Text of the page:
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History of Leicester

History of Leicester
  • council: Leicester City Council
  • population: 443, 000
  • county: Leicestershire

Leicester is the largest city and unitary authority in the English East Midlands. The city is the traditional county town of Leicestershire. The urban area extends beyond the boundaries of the city proper to include the satellite towns of Oadby, Wigston, Braunstone Town, Birstall, Glenfield, Blaby, Thurmaston, Syston and Leicester Forest East.

A number of these towns are in fact closely integrated suburbs of the city itself, especially Glenfield and Braunstone.

The city is close to the M1 motorway, and is on the Midland Main Line from London to Sheffield, Nottingham and Leeds.

The city centre is mainly Victorian with some later developments, which have usually been integrated in smoothly. The heart of the city centre is the Clock Tower, which is at the intersection of five routes into the city - High Street, Churchgate, Belgrave Gate, Humberstone Gate, and Gallowtree Gate. Today, the latter two are pedestrianised, and vehicles are restricted on the others, with the High Street currently being pedestrianised. Leicester City Centre is home to the Haymarket and the Shires (soon to be renamed Highcross Leicester) shopping centres, both of which face the Clock Tower. Leicester Market, Europe's largest covered market, is nearby. The historic core of the city lies slightly to the west, and monuments here include the Castle, the Anglican cathedral of St Martin, the medieval churches of St Mary de Castro and St. Nicholas, the Guildhall and the Jewry Wall.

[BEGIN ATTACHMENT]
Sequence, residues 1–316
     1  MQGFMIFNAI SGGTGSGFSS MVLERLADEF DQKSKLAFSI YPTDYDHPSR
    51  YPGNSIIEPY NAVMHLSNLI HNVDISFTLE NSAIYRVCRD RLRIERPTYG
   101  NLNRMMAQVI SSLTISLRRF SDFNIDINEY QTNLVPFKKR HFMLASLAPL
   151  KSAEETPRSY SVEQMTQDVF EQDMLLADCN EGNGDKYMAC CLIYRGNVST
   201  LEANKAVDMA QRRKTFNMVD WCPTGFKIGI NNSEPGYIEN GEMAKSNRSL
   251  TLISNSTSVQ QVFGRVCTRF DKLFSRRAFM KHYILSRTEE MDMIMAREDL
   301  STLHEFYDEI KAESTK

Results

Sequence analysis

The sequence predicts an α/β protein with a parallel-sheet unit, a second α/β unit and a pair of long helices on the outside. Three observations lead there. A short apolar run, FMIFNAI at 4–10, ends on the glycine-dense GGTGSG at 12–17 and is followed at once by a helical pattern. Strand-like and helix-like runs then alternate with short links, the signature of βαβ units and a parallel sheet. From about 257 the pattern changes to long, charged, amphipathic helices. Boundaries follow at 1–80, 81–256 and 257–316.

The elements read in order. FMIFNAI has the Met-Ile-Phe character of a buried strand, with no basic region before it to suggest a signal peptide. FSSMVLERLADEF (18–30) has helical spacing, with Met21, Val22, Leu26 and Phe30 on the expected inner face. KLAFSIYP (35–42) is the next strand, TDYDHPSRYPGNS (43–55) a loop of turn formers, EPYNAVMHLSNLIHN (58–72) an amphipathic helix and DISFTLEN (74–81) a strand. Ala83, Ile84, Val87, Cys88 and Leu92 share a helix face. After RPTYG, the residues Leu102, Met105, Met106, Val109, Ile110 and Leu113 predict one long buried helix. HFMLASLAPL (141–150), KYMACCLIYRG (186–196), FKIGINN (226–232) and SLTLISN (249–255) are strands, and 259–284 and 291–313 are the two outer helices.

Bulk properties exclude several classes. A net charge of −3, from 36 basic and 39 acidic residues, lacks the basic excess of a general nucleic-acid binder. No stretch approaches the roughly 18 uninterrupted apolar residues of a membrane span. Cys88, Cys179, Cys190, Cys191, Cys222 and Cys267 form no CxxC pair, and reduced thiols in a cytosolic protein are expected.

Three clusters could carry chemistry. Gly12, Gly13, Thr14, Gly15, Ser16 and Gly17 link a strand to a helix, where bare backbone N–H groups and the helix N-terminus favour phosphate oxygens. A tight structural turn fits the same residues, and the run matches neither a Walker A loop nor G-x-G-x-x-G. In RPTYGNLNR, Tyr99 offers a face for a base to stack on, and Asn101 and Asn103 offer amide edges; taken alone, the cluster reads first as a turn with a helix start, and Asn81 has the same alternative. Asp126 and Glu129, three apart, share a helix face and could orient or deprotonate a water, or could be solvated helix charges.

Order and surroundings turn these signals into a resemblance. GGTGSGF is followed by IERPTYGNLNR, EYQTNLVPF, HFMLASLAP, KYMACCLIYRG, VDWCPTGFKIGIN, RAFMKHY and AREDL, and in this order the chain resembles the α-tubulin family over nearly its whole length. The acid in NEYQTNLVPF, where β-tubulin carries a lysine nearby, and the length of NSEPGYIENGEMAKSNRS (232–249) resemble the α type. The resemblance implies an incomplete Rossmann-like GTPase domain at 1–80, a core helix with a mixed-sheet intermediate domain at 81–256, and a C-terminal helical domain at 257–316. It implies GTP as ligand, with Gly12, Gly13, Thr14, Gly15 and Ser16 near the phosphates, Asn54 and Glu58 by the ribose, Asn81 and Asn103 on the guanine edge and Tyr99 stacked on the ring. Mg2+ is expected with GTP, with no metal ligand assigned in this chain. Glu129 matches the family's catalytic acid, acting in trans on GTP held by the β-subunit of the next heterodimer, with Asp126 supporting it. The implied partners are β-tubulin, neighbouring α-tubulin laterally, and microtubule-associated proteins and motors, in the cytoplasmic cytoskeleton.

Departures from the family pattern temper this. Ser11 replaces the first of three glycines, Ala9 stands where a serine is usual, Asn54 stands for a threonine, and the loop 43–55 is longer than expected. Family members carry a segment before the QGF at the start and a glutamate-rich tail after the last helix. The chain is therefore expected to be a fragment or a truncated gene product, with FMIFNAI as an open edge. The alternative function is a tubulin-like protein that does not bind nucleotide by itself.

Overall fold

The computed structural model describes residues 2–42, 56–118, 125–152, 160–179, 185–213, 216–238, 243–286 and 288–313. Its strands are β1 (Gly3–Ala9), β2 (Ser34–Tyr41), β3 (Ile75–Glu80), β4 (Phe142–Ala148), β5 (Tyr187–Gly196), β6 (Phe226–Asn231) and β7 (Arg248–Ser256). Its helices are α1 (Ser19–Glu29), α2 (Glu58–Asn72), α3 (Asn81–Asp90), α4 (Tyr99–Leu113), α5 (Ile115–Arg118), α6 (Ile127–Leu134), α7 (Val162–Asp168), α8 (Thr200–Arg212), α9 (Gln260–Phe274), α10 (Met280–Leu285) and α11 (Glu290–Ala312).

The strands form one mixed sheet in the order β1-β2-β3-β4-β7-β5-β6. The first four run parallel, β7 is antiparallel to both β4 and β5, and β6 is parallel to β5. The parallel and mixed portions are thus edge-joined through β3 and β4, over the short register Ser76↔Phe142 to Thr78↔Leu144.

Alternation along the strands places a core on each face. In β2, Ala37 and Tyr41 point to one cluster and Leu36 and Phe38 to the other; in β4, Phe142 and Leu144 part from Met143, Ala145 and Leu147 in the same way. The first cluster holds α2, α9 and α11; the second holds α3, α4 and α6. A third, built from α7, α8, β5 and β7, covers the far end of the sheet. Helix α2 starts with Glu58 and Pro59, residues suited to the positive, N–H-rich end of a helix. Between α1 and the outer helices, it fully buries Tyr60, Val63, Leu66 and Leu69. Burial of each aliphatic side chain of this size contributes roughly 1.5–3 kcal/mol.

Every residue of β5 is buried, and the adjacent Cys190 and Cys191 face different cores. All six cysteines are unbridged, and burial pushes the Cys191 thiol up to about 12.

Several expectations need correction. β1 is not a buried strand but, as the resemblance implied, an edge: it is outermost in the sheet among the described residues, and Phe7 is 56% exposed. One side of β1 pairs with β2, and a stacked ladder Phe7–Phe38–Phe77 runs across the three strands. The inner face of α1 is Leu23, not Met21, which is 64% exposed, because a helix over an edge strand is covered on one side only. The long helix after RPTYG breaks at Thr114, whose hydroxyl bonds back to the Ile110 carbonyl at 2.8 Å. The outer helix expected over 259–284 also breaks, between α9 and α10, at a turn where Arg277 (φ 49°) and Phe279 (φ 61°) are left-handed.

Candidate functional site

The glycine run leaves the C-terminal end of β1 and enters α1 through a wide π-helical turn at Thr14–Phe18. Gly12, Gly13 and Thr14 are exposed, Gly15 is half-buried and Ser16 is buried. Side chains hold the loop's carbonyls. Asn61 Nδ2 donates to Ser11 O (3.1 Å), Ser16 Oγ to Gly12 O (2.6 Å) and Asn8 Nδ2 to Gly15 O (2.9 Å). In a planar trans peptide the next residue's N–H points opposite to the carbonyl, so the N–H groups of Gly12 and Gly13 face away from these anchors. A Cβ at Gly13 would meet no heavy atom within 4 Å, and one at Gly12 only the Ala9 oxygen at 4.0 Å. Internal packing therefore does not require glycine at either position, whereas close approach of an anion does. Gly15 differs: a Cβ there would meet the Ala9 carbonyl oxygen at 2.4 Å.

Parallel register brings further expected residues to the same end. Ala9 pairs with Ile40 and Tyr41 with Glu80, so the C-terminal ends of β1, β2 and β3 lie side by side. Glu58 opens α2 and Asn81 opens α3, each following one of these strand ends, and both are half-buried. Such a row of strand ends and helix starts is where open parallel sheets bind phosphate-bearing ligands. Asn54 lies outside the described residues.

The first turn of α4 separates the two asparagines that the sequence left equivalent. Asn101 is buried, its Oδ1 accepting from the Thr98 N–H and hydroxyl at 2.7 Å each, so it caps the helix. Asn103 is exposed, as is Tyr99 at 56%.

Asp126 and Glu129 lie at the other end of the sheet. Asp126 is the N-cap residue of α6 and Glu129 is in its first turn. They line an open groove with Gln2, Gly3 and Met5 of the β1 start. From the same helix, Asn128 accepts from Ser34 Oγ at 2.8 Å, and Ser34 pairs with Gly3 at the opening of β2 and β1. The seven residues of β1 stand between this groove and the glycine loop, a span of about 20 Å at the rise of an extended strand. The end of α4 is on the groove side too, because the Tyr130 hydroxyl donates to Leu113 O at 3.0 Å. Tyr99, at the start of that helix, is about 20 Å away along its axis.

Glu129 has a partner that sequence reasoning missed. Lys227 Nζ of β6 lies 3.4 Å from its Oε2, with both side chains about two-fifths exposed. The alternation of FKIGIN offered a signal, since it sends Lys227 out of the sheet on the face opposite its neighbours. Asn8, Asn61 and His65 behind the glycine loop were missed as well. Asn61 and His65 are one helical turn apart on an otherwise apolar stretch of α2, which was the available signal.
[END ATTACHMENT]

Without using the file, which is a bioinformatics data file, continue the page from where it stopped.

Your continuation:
In 1990, Leicester was designated the UK's first Environment City, and won the European Sustainable City Award in 1996.

Leicester Clock towerLeicester has a large ethnic minority population, mainly from the Indian subcontinent. There are many Hindu mandirs, Sikh gurdwaras and Muslim mosques around the city, mostly converted from existing buildings. The Jain Temple in Leicester is near the city centre (The Jain Centre). The area around Belgrave Road is known as the Golden Mile, and contains many Indian restaurants, jewellery shops, and other shops catering to the large Asian community in the neighbourhood. Many people travel to the area specifically for the restaurants, which serve authentic Indian cuisine. The annual Diwali celebrations are also held here and at the nearby Abbey Park, and are the biggest outside of India. There are also many of Afro-Caribbean descent (mainly from Antigua & Barbuda, Montserrat and Jamaica), the community being centred around Highfields to the south-east of the city centre, and Leicester plays host to the second largest Caribbean Carnival in the UK after Notting Hill.

Leicester is home to two universities, the University of Leicester (Royal Charter 1957) and the De Montfort University, (founded in 1992 from Leicester Polytechnic). It is also home to the National Space Centre, due in part to the University of Leicester being one of the few universities in the UK to specialise in space sciences.

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